Ontario Opposition Handcuffed

Queen's Park

What were you thinking Bill?

Section 43 in The Standing Orders of the Legislative Assembly of Ontario does not allow the Opposition to introduce a motion of non-confidence.  The Standing Order states, “Opposition Day motions shall not be motions of want of confidence in the government.”   Essentially, the hands of the Opposition parties are handcuffed in that they cannot bring down a government unless the government allows them.  How does that make any sense?  This practice contradicts the federal practice in the Parliament of Canada where there are no restrictions on what the Opposition may table in the House.

The Ontario Standing Orders also provides for ten Opposition days per calendar year versus the twenty-two “allotted days” in Ottawa.  There is nothing in the federal Standing Orders that would prohibit a non-confidence motion during these Opposition days.  The federal government can change the timing of the Opposition days but not what the Opposition wishes to table.

In section 44(a) in Ontario’s Standing Orders, the Opposition parties are further handcuffed in that the Official Opposition (Progressive Conservatives) can introduce no more than three motions of non-confidence per session, and the second largest party in opposition (NDP) can introduce no more than two per session.  A parliamentary session can last up to two years.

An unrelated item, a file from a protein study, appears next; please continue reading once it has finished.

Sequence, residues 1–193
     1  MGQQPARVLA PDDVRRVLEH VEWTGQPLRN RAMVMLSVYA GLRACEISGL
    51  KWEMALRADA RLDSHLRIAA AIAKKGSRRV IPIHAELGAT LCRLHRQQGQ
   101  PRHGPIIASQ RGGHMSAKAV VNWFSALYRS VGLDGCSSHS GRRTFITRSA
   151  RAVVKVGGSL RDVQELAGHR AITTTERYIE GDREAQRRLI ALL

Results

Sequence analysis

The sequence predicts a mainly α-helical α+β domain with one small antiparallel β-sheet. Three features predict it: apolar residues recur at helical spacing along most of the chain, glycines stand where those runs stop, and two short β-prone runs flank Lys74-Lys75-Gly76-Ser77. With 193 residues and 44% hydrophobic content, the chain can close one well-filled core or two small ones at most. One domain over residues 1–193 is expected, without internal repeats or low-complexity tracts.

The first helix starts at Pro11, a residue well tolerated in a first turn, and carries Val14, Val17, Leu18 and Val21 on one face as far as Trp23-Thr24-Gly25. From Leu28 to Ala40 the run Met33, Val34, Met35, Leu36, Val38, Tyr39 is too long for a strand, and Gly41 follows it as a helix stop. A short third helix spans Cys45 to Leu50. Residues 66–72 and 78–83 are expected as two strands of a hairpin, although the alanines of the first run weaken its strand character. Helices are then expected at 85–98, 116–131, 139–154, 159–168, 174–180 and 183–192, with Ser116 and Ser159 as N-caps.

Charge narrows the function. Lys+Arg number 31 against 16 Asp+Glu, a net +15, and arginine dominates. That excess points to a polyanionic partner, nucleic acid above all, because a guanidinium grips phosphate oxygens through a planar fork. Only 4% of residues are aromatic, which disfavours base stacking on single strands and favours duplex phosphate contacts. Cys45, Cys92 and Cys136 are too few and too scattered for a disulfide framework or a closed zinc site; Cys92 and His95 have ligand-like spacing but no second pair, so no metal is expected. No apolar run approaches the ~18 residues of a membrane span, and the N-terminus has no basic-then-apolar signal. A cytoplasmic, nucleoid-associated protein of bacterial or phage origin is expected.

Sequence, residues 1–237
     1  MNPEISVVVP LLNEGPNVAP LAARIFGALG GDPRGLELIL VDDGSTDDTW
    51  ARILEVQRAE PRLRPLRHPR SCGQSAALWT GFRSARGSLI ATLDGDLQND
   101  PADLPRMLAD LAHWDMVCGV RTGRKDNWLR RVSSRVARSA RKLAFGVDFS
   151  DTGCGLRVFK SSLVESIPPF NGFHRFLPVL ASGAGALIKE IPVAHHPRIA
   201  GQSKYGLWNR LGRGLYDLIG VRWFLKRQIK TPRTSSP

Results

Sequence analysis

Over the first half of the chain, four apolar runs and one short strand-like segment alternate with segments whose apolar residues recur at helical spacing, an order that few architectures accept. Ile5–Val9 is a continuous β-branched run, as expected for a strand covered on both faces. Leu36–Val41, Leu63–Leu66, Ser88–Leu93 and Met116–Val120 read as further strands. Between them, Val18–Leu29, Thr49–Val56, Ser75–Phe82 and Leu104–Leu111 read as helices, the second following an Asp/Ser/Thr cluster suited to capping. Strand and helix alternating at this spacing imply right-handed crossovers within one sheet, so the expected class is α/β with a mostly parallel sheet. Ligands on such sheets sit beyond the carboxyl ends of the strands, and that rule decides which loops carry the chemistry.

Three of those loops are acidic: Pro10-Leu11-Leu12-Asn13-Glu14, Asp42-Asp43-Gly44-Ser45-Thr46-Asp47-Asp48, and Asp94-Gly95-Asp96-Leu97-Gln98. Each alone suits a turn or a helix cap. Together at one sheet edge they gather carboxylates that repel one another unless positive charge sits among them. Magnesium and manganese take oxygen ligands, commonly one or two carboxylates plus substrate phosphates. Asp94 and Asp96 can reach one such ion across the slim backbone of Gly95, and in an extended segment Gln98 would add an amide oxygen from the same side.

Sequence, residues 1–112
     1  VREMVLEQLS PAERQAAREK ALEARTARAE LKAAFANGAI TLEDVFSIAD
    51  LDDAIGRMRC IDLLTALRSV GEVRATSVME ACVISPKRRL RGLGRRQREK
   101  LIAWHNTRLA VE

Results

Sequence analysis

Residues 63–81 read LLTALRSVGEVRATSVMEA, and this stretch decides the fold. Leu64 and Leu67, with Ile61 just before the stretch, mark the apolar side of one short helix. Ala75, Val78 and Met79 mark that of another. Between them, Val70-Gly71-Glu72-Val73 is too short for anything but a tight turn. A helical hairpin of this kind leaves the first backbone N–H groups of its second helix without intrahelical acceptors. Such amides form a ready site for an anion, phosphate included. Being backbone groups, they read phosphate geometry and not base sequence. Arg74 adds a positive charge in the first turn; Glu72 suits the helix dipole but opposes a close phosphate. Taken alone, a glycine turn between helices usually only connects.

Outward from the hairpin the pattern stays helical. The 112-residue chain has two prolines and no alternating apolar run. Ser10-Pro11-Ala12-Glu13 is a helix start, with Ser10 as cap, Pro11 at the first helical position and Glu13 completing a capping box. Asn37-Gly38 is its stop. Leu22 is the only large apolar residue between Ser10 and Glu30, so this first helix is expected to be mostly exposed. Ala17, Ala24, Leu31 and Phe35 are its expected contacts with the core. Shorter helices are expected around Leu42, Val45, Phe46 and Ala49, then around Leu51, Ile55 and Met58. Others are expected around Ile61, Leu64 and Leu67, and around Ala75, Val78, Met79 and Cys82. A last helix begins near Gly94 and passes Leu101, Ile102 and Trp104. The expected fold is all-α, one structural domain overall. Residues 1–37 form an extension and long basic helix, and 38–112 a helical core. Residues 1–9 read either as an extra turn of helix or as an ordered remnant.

In Section 44(b) in Ontario’s Standing Orders, the Legislative Assembly would vote on the non-confidence motion “at a time allotted by agreement of the House Leaders of the recognized Parties.” Therefore, the Liberal House Leader would need to agree to put forward a non-confidence motion that would allow the Opposition parties to defeat the government.  The process seems a bit backwards thereby taking power from the Opposition parties who collectively have the majority in the current Legislature.

Why is the Ontario Legislature different from the Parliament of Canada?  The Standing Orders were changed by former Progressive Conservative Premier Bill Davis in 1978.  So while Tim Hudak’s caucus is eager to call a motion of non-confidence, Liberal House Leader Milloy stated, “from our vantage point, the house is working, legislation is getting passed.”

So besides calling an election to sort out this power plant mess, we’d ask the Ontario Liberals to align the Ontario Standing Orders with the Parliament of Canada to improve democracy at Queen’s Park.

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